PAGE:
Monday, September 30, 2013

Ruin Your Company: As CEO, be as vague as possible

Ruin Your Company series introduction. For the humor-impaired, the text in italics is sarcasm.

As the CEO, you have achieved the pinnacle of your career. You have networked, self-promoted and blown-out out of proportion (ehem, I mean rebranded) your minor successes ( plus the successes of a few other people) all the way up to the top. Basically now, 'work' is for other people.
Trust yourself when you think that being a CEO is about being vague. People should know how to do their work, so why should you provide a clear direction? The company will drive itself. Just point to Success, Profit and Market Leadership and the people who work for you will get you there. Call this: Demanding Results.
In fact, focus on Demanding Results. Leave the execution to other people working for you. Trust in the fact that someone in the company loves their job or cares enough about their job that they will do it well. Utilize these resources and trust your managers / empower them / let them take the responsibility for the fallout.
Explains the details enough so that your managers know you mean business and no more. You can further ensure this by making it clear how you want success to be achieved. It doesn't matter if the how doesn't connect with the what of the results. That's someone else job to fill in the details. Remember, yours is to be vague and Demand Results.
But if you see yourself as the hands-on CEO, don't stop at Demanding Results. Continue on to specifying the expected results in vague terms. Make sure the people who work for you know that you expect them to know the details of what you expect, just don't them what it is. Remember, don't stop being vague. 
As a guide, here are some way how you can be consistently vague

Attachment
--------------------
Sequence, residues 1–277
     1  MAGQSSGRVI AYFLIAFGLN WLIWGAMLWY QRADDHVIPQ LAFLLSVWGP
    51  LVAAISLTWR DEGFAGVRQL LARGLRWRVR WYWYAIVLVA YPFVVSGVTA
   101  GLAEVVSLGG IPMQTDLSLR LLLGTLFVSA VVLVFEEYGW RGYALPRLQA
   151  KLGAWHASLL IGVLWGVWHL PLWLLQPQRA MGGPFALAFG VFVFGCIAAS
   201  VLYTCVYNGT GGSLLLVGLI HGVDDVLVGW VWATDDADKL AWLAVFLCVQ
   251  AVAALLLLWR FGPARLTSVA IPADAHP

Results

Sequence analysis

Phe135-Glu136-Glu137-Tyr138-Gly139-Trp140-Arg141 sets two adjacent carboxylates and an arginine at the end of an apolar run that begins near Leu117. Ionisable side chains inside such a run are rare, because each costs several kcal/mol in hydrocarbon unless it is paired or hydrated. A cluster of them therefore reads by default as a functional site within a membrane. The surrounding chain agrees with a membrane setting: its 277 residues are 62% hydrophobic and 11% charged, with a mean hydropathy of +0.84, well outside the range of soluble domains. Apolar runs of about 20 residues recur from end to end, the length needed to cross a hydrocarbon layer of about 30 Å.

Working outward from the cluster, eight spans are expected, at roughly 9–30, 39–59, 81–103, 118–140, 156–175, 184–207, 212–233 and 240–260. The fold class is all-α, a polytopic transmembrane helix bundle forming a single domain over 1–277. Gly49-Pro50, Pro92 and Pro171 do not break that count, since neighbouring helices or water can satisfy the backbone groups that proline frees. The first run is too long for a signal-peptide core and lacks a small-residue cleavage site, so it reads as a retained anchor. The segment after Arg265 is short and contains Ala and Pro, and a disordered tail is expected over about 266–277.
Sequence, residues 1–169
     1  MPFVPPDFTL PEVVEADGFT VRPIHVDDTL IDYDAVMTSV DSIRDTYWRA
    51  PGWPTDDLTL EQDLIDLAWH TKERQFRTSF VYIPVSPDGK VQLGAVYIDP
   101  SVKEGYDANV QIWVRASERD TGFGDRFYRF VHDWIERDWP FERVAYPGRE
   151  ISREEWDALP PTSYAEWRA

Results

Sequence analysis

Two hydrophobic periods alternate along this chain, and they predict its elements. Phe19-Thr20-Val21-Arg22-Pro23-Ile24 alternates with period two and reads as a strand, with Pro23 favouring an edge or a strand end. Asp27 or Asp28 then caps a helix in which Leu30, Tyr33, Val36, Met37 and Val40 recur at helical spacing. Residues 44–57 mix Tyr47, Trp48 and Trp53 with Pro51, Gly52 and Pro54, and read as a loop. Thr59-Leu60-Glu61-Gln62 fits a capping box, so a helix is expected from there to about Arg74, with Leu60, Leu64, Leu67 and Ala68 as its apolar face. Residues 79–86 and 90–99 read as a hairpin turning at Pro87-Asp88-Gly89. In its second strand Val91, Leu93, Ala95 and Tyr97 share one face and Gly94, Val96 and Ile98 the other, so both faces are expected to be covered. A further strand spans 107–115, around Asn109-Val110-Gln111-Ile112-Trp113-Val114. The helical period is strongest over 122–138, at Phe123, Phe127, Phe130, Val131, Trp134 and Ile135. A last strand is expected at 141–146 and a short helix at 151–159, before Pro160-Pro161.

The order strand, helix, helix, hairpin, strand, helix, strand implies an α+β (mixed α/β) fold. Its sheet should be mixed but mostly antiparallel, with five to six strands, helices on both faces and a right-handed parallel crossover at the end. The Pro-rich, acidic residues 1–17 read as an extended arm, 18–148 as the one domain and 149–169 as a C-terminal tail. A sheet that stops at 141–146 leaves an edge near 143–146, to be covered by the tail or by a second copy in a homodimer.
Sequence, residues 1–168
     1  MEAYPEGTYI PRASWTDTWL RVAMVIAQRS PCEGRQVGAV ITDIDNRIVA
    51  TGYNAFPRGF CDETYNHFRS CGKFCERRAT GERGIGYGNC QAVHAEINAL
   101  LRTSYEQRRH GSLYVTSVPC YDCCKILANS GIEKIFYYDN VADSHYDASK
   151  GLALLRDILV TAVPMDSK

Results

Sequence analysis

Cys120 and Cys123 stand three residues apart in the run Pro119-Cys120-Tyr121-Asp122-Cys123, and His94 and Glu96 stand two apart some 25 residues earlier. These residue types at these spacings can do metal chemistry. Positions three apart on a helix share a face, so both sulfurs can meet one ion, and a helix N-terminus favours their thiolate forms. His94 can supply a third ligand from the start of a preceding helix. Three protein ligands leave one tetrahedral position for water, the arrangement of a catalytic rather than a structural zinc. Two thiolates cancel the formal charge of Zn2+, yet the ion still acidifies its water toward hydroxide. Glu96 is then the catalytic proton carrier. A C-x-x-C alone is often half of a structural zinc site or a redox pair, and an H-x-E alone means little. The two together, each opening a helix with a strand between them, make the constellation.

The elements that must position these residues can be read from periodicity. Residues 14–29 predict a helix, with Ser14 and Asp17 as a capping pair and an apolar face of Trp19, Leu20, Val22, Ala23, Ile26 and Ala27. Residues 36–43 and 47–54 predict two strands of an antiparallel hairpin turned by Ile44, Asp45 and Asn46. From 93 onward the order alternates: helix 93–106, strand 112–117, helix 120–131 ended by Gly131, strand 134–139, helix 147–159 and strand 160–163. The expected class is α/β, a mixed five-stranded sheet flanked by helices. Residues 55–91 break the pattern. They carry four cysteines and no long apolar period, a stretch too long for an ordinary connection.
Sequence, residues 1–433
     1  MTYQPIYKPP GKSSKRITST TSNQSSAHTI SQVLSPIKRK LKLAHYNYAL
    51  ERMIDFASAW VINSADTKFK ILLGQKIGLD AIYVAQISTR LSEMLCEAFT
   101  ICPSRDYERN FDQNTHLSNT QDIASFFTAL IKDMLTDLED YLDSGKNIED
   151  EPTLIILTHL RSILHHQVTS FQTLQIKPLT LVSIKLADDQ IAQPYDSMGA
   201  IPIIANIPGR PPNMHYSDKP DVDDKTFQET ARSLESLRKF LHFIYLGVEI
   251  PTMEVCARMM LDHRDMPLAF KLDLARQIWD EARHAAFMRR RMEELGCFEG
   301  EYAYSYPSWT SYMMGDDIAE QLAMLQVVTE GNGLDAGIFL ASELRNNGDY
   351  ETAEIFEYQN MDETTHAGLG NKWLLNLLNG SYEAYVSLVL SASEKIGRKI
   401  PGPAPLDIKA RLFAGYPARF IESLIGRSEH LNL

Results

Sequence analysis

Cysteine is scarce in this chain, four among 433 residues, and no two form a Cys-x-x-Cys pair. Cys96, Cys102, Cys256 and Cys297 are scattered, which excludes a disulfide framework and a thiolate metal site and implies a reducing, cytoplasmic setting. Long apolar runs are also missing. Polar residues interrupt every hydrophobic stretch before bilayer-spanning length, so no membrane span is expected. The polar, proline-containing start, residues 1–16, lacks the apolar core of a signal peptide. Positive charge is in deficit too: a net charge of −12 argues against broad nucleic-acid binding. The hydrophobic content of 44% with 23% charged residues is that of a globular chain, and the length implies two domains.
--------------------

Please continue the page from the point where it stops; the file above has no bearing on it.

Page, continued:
• Answer questions with another question and demand your questions be answered first. Repeat if the answer is provided promptly
  • If you have to be truthful, do so in as few words as possible. Remember: details are someone else's job. (People say that the devil is in the details, so avoinding details avoids the devil, right?)
  • when people working for you ask for details, demonstrate leadership by providing answers that are ambiguous and filled with buzzwords. Remind them that keeping up with the meaning of buzzwords is their job and that you can't be expected to do everything
  • if you have to provide details, provide specifics on the general topic instead. The two do not have to related. Making the relationship is the job of the people around you. Everybody confuses the details with specifics
  • when details are discussed in your presence, act uninterested and focus on something else because it most likely not related to you
As CEO, you understand that being a CEO is generalist job. It is about management or the how of managing. You don't have to know anything about the industry you are in. When someone thinks you do, take another company doing the same things and use them as a comparison. This technique is successful because it works either way. Validate your success by comparing with another less successful company. When you need to provide direction, take a more successful company and point out that to achieve the same success, it requires doing the same things that company did.
As CEO, you must focus on your success. Measure this by your compensation. Only a successful company can provide you with the compensation package you demand of them. If the company is able to continue to do so, it is a clear demonstration that it is doing well. When the company is doing well, your job is done. 

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Sunday, September 29, 2013

Run Your Business into the Ground 10 ways or less: An Introduction

There are so many books and articles on achieving success. Sometimes, success can be achieved just by avoiding failure. Sounds stupid doesn't it.
But the truth is that many managers don't know what failure looks like. They don't have the experience of working in a failing company. They may not have worked for people who can't manage themselves out of a box.
So rather than writing about how to be successful, this series is going to be about what failure looks like. However, avoiding them is still your job.

Let's start at the top.

Wednesday, September 25, 2013

Demystifying Best Practices